Representatives Ted Yoho (FL-3) and Betty McCollum (MN-4) have been key leaders in the legislative work to end the CIA’s use of drones. In 2019, Rep. Michael Burgess (TX-26) introduced H.R. 112, which would prohibit the CIA from operating drones to carry out lethal action and transfer all authority for the use of lethal drones to the Department of Defense.
What is the administration’s role in the U.S. drone program?
The Trump administration has significantly increased the use of drones and other lethal strikes and decreased transparency about those operations. In the first two years of the Trump administration, it conducted 238 strikes in Yemen, Somalia, and Pakistan, compared with 186 strikes at the height of the Obama administration’s drone use in 2009 and 2010.
Upon taking office, President Trump reportedly weakened the rules governing when the U.S. can conduct strikes outside declared war zones. These reported changes include eliminating the requirement that the target pose an “imminent threat”; changing the requirement from “near certainty” that the target is present to “reasonable certainty”; and delegating much authority for approving such strikes to operational commanders in place of an extensive interagency vetting and approval process.
The Trump administration has refused to even publicly confirm its new drone policy. The administration has also revoked a key reporting requirement in an Obama-era executive order requiring annual reporting on the numbers of civilians and combatants killed outside of war zones by drones and other lethal operations. As a result, the CIA is no longer required to disclose how many civilians it kills outside of war zones.
What are the long-term implications of the use of drones?
With no overarching strategy and minimal congressional oversight and public transparency, many mistakenly see drones as a low cost—human and financial—alternative to traditional war. But this is far from the case. The drone program helps keep the U.S in a constant state of endless war, which has resulted in the deaths of approximately 500,000 people, half of them civilians, at a cost of over $5.9 trillion.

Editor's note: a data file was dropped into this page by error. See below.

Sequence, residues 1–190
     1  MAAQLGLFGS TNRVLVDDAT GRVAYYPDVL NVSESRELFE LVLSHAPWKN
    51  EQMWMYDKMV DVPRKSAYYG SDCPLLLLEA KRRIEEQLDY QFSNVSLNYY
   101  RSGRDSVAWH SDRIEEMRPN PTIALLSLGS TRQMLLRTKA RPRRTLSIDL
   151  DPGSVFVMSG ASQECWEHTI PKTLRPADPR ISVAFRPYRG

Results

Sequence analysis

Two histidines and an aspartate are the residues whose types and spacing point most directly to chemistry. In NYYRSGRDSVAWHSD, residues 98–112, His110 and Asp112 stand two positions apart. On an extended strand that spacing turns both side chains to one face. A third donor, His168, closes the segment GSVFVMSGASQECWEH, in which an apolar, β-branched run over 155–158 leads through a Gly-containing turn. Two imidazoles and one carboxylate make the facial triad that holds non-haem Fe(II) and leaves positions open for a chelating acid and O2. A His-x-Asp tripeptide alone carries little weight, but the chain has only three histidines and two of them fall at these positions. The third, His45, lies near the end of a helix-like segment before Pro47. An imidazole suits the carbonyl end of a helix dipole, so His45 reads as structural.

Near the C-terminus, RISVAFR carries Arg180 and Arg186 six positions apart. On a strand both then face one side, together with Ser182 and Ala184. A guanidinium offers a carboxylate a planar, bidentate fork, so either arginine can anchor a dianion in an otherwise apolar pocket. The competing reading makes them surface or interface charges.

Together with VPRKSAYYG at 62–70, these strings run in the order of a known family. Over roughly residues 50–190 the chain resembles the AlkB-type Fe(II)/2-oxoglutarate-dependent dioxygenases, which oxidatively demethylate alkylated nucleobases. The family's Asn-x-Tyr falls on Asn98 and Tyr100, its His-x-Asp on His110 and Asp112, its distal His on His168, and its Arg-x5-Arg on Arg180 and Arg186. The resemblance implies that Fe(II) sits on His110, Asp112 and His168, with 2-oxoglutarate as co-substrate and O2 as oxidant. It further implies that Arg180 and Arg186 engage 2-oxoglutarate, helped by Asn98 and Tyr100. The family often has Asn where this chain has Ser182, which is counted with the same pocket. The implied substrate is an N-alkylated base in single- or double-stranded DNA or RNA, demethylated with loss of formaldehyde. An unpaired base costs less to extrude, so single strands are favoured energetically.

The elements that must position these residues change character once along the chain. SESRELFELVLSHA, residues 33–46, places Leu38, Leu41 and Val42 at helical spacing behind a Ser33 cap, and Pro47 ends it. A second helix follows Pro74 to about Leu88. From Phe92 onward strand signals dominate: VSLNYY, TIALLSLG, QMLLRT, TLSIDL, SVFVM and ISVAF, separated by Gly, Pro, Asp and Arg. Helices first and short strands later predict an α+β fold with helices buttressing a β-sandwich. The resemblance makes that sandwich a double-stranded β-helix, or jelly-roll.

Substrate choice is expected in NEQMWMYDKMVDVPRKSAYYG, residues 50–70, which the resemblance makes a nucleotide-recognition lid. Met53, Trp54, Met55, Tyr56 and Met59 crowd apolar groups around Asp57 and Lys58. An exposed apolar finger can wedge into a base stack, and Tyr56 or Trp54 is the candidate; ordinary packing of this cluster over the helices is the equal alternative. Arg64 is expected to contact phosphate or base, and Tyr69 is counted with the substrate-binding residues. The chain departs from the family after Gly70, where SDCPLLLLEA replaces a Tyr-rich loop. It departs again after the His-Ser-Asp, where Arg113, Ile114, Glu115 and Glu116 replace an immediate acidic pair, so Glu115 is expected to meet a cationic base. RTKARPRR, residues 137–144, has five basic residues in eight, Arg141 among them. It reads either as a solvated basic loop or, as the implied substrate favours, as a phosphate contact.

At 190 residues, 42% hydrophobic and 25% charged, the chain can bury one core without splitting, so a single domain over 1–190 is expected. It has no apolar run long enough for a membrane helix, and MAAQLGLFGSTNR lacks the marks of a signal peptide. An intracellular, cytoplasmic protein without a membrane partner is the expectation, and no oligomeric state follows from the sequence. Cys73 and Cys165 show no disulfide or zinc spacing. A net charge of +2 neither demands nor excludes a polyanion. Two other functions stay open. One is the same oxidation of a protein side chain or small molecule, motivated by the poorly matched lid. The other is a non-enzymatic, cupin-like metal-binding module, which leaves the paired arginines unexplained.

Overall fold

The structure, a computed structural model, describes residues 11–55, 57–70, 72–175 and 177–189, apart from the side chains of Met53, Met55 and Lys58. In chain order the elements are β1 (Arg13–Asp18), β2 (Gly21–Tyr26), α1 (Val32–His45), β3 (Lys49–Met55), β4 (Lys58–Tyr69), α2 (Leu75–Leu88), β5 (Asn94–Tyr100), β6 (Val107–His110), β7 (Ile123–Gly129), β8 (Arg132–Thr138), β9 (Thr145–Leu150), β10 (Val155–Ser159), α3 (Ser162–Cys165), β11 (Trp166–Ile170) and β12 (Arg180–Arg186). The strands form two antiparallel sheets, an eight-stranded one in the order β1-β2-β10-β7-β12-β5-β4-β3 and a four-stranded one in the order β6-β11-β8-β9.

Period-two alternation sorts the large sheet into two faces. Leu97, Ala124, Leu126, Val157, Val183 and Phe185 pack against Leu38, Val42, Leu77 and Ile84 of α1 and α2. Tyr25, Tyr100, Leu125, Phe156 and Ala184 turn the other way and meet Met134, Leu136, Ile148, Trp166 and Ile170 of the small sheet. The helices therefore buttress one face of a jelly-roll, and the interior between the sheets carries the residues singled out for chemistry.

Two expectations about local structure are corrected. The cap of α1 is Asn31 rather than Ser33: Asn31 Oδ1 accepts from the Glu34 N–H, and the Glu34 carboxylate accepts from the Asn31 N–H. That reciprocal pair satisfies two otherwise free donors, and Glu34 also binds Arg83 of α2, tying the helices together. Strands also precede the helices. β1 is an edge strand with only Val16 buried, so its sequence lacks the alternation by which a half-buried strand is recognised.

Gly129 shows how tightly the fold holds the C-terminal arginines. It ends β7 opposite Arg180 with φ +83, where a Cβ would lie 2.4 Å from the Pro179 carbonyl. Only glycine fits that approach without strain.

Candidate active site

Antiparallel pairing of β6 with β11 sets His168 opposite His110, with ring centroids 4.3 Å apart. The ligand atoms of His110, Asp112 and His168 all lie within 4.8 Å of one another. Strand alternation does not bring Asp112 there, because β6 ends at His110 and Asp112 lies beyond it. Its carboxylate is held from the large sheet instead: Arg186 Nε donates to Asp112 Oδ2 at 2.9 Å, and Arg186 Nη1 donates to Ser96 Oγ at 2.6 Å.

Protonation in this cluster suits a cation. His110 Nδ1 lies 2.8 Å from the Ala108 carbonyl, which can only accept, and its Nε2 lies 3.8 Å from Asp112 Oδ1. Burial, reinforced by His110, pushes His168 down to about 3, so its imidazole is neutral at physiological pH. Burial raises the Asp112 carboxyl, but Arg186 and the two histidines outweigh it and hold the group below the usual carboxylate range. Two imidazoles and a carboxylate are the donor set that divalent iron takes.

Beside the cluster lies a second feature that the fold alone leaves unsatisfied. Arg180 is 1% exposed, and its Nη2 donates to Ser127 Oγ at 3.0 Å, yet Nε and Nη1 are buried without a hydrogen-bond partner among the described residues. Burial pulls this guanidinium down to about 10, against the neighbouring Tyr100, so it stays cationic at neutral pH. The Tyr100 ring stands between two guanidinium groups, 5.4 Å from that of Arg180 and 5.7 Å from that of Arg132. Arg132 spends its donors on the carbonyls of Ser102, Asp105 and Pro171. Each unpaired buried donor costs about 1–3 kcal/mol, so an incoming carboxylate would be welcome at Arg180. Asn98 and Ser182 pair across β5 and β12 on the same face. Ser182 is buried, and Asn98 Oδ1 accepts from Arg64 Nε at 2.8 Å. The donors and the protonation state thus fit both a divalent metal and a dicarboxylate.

Drones and "Blowback"
Evidence suggests that the trauma of living under drones causes anti-American sentiment and aids in the recruitment of violent extremists. According to a former State Department official, for every drone strike, the U.S. generates roughly forty to sixty new enemies. Such long-term damage is known as “blowback”–incidents that arise in later years as an unintended consequence of actions taken today
Effects on Drone Pilots
This new form of war has also had unprecedented effects back home: early studies suggested that drone pilots experience mental health problems at the same rate as pilots participating in live combat. Despite working thousands of miles from the battlefield, many drone pilots experience worrying levels of anxiety, depression, severe stress, and moral injury. Moreover, the military has had a difficult time retaining drone pilots. Long hours--often between three to six times the maximum annual flight hours of regular Air Force pilots--play a major role.
A Dangerous Precedent
The U.S. drone program is setting a troubling precedent for how such operations are conducted by others. The lack of oversight, transparency, and accountability of the U.S. program may serve as a harmful model for other countries. As of 2018 nine other countries have developed or acquired armed drones, with others developing their own drone programs. Non-state groups, like ISIS, have also acquired armed drones.
The Future of Drones and Warfare
Currently, hundreds of companies are developing small and large-scale drone technology, and both state and non-state actors are seeking to integrate drone technology into their military programs. Experts suggest that drone capabilities will rise dramatically in the coming years.
It is past time to pause and evaluate the outcomes of U.S. drone policy. Congress should fully investigate the long-term impacts of drone warfare. We as a country must ask ourselves some serious questions. Aside from the moral issues raised by drone use, there are real questions about their impact on the future of U.S. national security. What has been the impact of drones on U.S. national security and human rights? Has the drone program actually been effective at countering terrorism? What happens when the United States no longer dominates over this technology? What can be done to prevent terrorist groups from acquiring drones?
The United States, together with the international community, must recognize these challenges and begin to outline restrictions and accountability for drone use. Restraining the use of drones worldwide is undoubtedly in the best interest of a more just and peaceful world.